A barrister who sent hostile emails to solicitors and made a false statement to a judge has been suspended for six months.
Peter Wareing, called in 2004, was sanctioned for his conduct during a 2015 public access case, when he sent hostile emails to the other side’s solicitors, made a false statement to solicitors in relation to disclosure, and made a false statement to an employment judge during a case management hearing.
According to a judgment published by the Bar Tribunals & Adjudication Service, Wareing sent ‘unnecessarily hostile and antagonistic’ emails to a respondent’s legal team. He also told a solicitor that he had received a disclosure list four days later than he had done, in order to ‘give us some time’.
In the same period, Wareing told an employment judge that his client had only been able to draft a statement in ‘bullet point form’. In reality, the client had sent Wareing a 27-page statement the previous month.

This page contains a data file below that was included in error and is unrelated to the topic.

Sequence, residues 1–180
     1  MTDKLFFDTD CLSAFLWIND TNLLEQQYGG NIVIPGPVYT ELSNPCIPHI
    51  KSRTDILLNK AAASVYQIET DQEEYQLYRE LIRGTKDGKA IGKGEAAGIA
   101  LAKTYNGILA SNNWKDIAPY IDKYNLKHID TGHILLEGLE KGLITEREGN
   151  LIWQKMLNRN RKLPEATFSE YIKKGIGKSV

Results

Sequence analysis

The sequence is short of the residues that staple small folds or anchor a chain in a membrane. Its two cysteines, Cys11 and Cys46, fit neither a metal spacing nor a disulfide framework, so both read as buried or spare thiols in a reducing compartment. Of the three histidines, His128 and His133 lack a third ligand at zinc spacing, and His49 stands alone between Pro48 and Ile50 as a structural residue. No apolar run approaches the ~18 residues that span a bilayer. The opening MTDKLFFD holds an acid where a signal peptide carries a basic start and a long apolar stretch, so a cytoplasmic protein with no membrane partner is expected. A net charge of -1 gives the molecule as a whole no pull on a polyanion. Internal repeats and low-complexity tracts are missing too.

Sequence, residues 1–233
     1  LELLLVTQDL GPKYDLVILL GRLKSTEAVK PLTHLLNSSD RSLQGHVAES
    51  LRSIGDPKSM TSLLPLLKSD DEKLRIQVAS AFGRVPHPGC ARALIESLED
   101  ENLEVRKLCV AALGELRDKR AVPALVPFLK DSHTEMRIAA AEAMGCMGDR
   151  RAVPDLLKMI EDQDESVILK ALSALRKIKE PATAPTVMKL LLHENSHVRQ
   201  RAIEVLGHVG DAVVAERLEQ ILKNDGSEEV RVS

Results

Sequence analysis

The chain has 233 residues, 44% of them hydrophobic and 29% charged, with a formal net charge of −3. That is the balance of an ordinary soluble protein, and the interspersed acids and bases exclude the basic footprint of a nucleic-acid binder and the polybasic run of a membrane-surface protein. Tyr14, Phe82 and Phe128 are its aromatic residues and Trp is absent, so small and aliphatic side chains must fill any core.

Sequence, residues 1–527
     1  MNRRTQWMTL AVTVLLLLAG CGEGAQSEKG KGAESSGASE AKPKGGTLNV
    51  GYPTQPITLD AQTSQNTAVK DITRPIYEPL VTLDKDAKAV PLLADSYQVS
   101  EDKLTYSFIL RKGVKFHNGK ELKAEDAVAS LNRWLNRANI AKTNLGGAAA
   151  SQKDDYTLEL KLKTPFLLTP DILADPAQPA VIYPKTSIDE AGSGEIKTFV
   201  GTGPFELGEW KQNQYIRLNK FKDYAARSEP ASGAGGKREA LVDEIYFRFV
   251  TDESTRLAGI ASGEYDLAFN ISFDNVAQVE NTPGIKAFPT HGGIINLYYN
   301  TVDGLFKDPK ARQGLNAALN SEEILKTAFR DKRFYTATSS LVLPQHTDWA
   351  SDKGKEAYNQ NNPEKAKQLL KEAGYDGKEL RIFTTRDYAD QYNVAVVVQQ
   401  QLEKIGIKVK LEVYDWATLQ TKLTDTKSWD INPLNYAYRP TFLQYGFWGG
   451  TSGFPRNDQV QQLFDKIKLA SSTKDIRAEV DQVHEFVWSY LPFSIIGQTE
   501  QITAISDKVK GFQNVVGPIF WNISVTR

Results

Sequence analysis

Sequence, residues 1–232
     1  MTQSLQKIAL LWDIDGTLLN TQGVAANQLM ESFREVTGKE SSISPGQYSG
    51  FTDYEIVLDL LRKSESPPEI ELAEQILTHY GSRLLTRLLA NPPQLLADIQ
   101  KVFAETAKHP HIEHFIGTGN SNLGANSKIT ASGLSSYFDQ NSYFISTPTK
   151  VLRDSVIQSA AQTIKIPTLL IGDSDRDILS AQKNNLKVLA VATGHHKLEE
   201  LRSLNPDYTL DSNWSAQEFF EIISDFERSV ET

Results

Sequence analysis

The tribunal found that Wareing had breached several barristers’ core duties including failing to observe his duty to the court in the administration of justice, failing to act in the best interests of his client, failing to act with honesty and integrity, failing to provide a competent standard of work and service to his client, and acting in a way which was likely to diminish the trust and confidence which the public places in him or the barrister profession.
The tribunal also found that the barrister had undertaken public access work between May and September 2015 while he was not authorised to do so.
Wareing was suspended for six months and ordered to pay £2,000 costs. Before he can return to direct access practice he must complete an approved public access training course.
Commenting on the order, a BSB spokesperson said: ‘The tribunal’s decision to suspend Mr Wareing for six months serves as a reminder to all barristers about the need to adhere to the standards of conduct laid out in the BSB Handbook.’
The tribunal's decision is open to appeal.